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Hainan gibbon among most endangered apes

By Ma Zhiping and Liu Xiaoli in Haikou | China Daily | Updated: 2017-12-28 08:03
Hainan gibbons change color with age. [Provided to China Daily]

The Hainan gibbon, a unique species found in tropical Hainan province, has been identified as one of the world's top 25 most endangered primate species by the International Union for Conservation of Nature.

With their black faces and thick fur that changes color at different ages, Hainan gibbons-Nomascus hainanus-all reside in Bawangling National Nature Reserve, a 29,980-hectare rain forest more than 200 kilometers south of Haikou, the provincial capital.

There were more than 2,000 gibbons on the entire island in the 1950s, but the primates were later found only in the Bawangling reserve. By the 1980s, there were only seven gibbons.

The population has since increased to 27, belonging to four families, thanks to decades of effort, according to a recent investigation.

Hong Xiaojiang, deputy director of administration for the Bawangling reserve, said historical records showed the main threat to Hainan gibbons was habitat destruction, particularly from the burning and clearing of tropical forests, which led to habitat loss that drove the rare species to less suitable habitat at higher altitudes.

Meanwhile, natural factors can prove fatal, too. In 2014 and 2016, heavy typhoons hit the area, causing landslides and destroying the forests, which cut off the gibbons' travel corridors and threatened their lives.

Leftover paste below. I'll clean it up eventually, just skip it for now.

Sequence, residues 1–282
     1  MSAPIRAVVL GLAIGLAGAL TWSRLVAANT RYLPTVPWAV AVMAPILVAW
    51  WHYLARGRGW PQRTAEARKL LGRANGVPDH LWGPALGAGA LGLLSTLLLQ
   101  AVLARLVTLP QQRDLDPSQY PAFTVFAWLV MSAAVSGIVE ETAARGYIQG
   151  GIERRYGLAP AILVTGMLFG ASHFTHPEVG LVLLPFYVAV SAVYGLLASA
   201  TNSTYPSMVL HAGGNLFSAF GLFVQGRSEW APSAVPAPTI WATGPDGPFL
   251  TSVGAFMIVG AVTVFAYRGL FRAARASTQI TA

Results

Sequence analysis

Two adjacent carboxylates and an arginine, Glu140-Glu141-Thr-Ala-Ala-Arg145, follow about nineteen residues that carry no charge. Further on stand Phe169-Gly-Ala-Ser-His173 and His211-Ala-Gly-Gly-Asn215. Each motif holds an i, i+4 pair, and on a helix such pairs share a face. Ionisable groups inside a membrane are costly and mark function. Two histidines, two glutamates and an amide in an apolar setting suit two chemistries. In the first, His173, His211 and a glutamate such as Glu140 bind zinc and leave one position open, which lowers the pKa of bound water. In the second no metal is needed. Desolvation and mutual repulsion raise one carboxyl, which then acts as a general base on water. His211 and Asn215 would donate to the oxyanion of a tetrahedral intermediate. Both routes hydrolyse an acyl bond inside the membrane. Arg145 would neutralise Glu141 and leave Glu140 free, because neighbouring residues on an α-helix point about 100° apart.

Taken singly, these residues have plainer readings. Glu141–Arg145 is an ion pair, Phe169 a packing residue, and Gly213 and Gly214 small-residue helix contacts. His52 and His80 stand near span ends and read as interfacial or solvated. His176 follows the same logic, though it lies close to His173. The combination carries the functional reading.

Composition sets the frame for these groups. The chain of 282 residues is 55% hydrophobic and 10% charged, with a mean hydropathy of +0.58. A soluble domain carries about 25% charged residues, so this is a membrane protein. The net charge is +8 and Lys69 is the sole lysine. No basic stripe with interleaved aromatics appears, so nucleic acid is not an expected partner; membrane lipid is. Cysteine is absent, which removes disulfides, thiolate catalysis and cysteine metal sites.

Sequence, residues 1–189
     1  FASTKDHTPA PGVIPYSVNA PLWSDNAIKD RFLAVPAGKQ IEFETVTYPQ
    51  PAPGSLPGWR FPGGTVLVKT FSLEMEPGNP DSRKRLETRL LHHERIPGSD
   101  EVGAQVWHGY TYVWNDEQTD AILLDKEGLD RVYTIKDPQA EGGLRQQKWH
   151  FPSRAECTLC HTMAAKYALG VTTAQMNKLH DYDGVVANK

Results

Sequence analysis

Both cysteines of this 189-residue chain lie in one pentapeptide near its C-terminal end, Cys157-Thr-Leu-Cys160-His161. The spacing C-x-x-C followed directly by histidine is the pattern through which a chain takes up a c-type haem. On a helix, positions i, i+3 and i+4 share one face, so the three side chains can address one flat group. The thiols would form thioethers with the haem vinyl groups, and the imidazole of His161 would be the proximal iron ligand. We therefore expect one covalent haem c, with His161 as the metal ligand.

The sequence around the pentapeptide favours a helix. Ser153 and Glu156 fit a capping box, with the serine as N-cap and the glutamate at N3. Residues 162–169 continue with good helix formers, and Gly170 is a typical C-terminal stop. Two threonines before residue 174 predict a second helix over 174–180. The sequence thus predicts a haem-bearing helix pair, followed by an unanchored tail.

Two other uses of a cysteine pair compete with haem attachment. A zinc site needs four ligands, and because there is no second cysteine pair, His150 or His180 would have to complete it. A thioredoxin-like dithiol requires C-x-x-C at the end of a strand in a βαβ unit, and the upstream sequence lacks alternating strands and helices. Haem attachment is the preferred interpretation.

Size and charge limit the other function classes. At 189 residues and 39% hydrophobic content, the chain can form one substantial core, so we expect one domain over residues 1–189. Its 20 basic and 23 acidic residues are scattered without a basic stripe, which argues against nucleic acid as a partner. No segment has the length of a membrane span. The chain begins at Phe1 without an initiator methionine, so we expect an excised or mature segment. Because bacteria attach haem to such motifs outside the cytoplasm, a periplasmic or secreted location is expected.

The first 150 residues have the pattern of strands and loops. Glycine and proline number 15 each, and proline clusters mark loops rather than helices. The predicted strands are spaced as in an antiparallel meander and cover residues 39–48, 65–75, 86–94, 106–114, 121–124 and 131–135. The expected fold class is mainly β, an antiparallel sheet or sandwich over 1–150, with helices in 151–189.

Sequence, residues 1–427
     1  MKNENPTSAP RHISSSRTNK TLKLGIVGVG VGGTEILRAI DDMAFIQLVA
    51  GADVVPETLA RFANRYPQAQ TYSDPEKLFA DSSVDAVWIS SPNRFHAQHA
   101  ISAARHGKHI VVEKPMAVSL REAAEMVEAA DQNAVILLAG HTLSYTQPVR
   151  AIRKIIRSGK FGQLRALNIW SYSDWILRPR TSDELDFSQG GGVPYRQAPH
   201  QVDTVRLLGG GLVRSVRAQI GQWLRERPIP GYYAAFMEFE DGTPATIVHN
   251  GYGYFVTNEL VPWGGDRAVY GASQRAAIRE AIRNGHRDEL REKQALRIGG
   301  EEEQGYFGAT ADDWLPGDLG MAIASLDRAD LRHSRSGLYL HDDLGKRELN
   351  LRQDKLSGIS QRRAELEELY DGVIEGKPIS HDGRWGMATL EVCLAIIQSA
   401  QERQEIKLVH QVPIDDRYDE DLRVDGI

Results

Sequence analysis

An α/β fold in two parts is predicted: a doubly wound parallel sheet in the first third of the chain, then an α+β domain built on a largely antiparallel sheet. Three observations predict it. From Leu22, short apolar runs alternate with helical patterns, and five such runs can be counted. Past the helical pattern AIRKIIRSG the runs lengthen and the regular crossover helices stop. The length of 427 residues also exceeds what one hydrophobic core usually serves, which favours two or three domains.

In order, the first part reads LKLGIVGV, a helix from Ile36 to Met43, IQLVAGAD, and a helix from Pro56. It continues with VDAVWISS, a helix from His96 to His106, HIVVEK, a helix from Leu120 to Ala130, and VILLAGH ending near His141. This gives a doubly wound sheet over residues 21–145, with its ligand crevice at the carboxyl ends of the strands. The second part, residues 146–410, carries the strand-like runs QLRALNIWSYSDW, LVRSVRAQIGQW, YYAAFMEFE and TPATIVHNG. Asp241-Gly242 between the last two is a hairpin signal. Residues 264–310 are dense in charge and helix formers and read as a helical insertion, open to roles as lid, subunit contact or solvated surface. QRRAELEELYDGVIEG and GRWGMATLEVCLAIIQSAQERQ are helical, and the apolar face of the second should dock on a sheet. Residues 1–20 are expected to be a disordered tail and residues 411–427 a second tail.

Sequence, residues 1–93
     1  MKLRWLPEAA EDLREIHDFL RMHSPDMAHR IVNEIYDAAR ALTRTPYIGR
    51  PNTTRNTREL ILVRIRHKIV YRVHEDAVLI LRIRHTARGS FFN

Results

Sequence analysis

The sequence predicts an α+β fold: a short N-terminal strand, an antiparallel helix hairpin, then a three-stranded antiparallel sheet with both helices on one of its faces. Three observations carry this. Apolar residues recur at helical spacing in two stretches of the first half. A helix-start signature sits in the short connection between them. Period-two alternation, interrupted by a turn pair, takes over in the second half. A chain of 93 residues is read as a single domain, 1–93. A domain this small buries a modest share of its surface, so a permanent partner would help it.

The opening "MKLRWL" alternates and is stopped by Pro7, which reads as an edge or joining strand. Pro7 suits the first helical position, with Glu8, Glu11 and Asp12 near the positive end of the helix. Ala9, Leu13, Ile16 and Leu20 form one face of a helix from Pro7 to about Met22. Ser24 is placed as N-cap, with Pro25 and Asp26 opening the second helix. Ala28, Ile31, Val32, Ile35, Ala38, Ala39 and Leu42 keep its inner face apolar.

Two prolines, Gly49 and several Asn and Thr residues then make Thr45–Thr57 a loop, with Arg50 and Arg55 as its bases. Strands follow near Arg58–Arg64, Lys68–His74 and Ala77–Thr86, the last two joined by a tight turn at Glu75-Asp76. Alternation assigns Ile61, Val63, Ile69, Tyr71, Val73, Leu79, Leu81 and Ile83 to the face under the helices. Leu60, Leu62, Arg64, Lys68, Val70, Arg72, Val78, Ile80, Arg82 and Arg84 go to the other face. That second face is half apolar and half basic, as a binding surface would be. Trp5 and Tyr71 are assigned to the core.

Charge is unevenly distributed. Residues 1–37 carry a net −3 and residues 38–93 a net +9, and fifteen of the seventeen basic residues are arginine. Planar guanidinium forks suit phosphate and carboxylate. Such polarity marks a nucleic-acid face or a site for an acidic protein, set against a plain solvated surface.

To protect them from extinction, a series of actions have been taken at the reserve, including public science education, punishment for activities such as illegal logging and hunting, habitat remediation, and the introduction of gibbon experts to offer better care for the animals.

More than 20 kinds of trees, such as purple mangosteen, have been planted over more than 333 hectares in the past 12 years. They are expected to provide food and build a corridor of trees for Hainan gibbons, Hong said.

"The wild plants can provide enough food for the gibbons, but we need to act in advance. Food will be a problem if the population keeps increasing in the next 30 years," he said. "The gibbons are known to live by hanging in the trees and never come down to earth. In this regard, we need to build tree corridors for them to make sure they have a sound area to live."

More than 200 forest protectors and 15 gibbon inspectors have joined the protection effort.

Chen Qing, 57, is among them. The local villager is an experienced inspector who has helped guard the Hainan gibbons for 33 years. He patrols the forest daily to observe and record their activities.

"Thanks to all the efforts and improvement of public awareness, the gibbons on Hainan now have a better living environment," said Chen, who also works as a researcher to help gibbon experts and a university center with gibbon protection and development.

"More efforts are still needed for the small group of Hainan gibbons, as any accident could lead to their extinction," Hong added.

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